MAXTON — Two organizations have joined to help victims of Hurricane Florence in Robeson County remove fallen limbs and trees from their property.
ACT-2, a Miami nonprofit and humanitarian organization, and Virginia-based National Disaster Emergency Response Team have worked together in the days after the storm hit. Anyone who needs the removal of trees that could fall on powerlines or homes can call 434-579-0843 to see if they qualify for services. People with physical challenges may also be eligible for debris removal.
The organizations recently removed debris and vulnerable trees from the property of an elderly couple in Maxton.
“When we first got here, we helped distribute supplies in flooded areas, and doing rescues and evacuations,” said Robin Rogers, an ACT-2 board member. “We typically respond to natural disasters. I specialize in hurricane and flood response. We put our team together and joined forces to help out the area.”
A partnering group called A1E Group, also based in South Florida, supplied the money, Rogers said. National Disaster Emergency Response Team provided the free manpower and equipment for the Hurricane Florence relief project.
Act-2 was connected with the Maxton couple and their family members by a Lumberton Junior High School staff member.
“Not everyone is in a financial situation or physical situation, for that matter, to help themselves. We try to help them when we can. That is what we are here for,” Rogers said.
Linda Jacobs, who taught at Oxendine and Aberdeen elementary schools, was afraid large trees on her property may hit powerlines or nearby homes during the next storm.
“She (the school staff member) asked me if we had tree limbs and things like that around the house we needed to clean up. I gave her my name and my mother’s name,” Jacobs said. “I was concerned about them being so close to the house and they are so big. A fella went around there, and he said that tree would have come down the next storm.”
Jacobs said she and her family members needed the help.
“My husband, Clyde, is sick and I have feet problems. I just had surgery. It would have took us a long time to clean up that stuff. I couldn’t have done it,” Jacobs said. “Mama’s 86 years old, and she can’t do much. My brother has chronic obstructive pulmonary disease. Also, one of my sisters just recently came out of the hospital. She has a port in her.”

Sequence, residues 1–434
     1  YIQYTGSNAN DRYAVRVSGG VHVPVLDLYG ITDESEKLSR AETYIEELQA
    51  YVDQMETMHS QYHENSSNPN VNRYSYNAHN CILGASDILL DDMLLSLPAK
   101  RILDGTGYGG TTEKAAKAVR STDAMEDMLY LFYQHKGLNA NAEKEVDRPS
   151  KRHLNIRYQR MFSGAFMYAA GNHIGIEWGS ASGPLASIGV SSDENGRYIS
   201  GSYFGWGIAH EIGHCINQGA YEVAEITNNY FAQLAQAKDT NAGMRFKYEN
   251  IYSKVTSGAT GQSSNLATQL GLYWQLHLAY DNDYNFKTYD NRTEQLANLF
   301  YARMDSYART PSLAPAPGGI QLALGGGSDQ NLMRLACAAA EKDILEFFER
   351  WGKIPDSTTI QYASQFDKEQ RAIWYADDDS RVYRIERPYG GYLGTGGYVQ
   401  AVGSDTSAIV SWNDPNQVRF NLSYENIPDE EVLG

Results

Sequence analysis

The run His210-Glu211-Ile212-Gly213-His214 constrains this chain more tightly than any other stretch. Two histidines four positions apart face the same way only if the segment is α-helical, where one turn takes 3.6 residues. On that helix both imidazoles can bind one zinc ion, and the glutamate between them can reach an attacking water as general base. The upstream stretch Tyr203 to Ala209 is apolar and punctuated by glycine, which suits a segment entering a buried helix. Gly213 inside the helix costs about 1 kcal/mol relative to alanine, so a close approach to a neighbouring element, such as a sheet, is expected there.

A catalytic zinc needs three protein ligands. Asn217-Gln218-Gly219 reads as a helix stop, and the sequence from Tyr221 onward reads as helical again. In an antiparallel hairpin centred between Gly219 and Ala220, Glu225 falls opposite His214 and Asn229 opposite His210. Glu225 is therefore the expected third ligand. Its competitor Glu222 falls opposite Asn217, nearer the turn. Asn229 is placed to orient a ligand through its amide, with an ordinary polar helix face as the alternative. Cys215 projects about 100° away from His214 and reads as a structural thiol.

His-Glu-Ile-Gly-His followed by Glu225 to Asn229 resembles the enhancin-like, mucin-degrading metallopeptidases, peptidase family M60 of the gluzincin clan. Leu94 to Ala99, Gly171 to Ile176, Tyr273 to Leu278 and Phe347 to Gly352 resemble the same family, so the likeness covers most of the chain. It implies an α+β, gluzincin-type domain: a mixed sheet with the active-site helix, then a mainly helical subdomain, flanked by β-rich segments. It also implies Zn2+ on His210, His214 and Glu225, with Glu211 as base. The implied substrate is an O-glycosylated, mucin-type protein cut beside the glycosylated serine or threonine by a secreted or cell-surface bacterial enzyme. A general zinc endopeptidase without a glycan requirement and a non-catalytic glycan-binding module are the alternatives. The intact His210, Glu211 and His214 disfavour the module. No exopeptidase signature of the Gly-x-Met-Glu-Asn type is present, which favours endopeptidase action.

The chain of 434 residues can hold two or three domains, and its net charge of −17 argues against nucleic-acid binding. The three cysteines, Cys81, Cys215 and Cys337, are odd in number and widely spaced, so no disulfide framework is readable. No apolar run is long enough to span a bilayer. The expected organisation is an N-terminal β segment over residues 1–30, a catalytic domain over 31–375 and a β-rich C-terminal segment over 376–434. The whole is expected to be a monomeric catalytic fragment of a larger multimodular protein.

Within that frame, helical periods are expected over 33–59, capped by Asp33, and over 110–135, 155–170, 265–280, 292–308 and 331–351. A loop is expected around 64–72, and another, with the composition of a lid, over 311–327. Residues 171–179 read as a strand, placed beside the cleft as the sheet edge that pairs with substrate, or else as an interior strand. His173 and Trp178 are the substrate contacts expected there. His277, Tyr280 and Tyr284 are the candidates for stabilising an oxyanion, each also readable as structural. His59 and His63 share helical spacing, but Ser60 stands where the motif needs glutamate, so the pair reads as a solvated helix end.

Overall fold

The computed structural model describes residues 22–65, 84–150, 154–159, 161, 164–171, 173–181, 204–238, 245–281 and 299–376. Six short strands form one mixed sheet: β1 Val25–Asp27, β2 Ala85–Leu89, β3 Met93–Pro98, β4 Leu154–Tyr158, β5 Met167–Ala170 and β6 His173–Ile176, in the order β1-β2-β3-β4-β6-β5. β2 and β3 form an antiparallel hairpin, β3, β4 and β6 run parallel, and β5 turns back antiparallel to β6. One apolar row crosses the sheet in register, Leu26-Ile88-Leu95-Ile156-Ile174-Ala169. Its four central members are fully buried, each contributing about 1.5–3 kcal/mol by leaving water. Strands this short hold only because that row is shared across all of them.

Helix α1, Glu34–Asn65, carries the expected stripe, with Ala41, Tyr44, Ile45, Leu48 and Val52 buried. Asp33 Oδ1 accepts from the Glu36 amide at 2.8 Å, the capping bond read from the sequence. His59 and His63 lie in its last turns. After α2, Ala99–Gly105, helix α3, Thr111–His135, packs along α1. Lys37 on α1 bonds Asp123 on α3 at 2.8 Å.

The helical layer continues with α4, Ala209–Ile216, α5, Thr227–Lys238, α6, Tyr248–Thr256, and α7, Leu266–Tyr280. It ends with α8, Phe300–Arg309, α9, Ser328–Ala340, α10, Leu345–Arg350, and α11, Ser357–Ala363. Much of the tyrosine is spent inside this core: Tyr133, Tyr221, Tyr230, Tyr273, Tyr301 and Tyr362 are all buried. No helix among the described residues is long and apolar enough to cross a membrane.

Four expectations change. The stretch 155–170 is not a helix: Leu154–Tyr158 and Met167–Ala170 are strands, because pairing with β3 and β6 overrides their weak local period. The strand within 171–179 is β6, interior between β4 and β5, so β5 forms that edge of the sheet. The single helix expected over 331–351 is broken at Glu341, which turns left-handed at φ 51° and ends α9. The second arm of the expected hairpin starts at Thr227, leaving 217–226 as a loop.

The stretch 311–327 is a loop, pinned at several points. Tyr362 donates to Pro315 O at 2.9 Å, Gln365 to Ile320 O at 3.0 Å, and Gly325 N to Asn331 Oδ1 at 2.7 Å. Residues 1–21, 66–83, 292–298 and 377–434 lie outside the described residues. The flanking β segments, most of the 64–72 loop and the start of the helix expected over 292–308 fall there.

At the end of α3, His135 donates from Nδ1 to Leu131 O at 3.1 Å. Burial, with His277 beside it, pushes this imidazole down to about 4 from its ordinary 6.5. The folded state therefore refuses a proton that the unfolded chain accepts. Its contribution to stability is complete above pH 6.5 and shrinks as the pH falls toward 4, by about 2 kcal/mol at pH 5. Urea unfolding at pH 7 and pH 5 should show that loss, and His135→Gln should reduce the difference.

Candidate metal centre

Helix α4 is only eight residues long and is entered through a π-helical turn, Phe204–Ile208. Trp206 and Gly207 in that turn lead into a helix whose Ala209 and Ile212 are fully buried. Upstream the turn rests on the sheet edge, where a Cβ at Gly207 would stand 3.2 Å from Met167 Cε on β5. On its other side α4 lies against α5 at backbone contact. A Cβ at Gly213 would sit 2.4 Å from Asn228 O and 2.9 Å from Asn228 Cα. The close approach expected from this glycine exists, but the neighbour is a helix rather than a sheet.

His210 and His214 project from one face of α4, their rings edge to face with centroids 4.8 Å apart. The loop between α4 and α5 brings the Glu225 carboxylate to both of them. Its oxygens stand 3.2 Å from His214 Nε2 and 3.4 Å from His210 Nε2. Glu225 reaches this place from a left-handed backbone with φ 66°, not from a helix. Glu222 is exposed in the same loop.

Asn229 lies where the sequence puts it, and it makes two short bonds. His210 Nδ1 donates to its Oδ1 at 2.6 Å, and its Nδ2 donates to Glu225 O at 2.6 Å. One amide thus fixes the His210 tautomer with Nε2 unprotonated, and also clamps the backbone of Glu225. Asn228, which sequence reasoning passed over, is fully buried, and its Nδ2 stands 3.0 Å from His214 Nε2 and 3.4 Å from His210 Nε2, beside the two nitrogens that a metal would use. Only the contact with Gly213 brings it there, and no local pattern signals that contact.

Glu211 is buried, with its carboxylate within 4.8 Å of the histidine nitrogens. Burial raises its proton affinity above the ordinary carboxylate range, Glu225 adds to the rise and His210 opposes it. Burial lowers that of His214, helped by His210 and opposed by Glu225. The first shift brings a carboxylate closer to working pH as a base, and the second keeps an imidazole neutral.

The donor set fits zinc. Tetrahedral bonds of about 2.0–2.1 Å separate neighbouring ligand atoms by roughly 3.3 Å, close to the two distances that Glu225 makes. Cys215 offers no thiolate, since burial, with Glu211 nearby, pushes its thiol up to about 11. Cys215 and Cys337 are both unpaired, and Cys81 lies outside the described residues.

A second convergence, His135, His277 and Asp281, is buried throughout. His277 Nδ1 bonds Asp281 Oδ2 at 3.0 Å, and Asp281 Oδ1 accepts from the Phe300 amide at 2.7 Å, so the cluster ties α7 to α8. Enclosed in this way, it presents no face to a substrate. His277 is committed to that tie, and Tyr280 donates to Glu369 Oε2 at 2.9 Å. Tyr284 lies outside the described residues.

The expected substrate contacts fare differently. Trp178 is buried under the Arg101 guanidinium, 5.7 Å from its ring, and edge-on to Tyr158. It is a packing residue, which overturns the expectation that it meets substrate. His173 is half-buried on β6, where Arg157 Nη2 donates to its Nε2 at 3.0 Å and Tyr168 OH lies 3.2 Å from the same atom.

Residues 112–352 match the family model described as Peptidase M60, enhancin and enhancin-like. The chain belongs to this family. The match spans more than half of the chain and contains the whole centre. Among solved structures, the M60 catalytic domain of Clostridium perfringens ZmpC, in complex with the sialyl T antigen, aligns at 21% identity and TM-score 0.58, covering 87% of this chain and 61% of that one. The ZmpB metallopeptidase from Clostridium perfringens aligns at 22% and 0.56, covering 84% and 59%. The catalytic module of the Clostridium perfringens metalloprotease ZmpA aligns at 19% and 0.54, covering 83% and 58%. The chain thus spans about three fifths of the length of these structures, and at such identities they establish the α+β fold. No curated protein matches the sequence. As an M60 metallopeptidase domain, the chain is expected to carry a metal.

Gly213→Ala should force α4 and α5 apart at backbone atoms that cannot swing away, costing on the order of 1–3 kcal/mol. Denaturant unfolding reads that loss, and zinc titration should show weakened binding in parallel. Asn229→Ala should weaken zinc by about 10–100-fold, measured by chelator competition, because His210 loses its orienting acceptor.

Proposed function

The crew arrived on Jacobs’ property about noon on Wednesday and got to work.
The five trucks, nearly a dozen workers and three pieces of heavy machinery came as an unexpected surprise, Jacobs said.
“I come up out there and said, ‘What’s going on here?’ They must be working on the lights,” she said. “I seen all the trucks. I said, ‘Something’s happened’ ‘cause I didn’t know they were going to have all of this.
“I got to looking at the signs on the trucks and I really didn’t know they came here for me until I pulled in to the driveway. I thought maybe four to five men confined in one truck were going to come.”
Large trees, some as tall as 40 feet, came crashing down one by on on Jacobs’ property. The sound of chain saws, cracking wood and the machinery used to remove large tree trunks provided a noisy background.
Jacobs choked up with emotion as she expressed her gratitude.
“It was needful. I appreciate them. I mean it from the bottom of my heart, I do, and I know my husband and my family do, too,” Jacobs said as tears filled her eyes. “It was a blessing. I told my husband, ‘The Lord has answered my prayers’ ‘cause I had been praying. That was two weeks ago.”
The removal of the four large trees and debris from Jacobs’ property would have cost nearly $5,000, said Everette Thomas, vice president of National Disaster Emergency Services. Residents should be careful, some people are claiming to be certified, insured and federally contracted tree service companies.
“We got guys that are running around with FEMA logos on their trucks and stuff like that. They are taking advantage of people,” Thomas said. “They will cut your tree then give you a bill. I’ve run into a lot of that.”
Homeowners should be vigilant, he said. When receiving services, opt for a local company or call the Better Business Bureau to make sure the company is licensed and insured.
“Instead of just getting anybody just because they are doing it at a cheap price, do your research. The tree could fall on your house. You will be liable for that if they don’t have insurance,” he said. “Just make sure all your paperwork is legit.”
Residents who feel like they are being taken advantage should take down license plate numbers and logos on vehicles and report it, he said.
Annick Joseph can be reached at [email protected]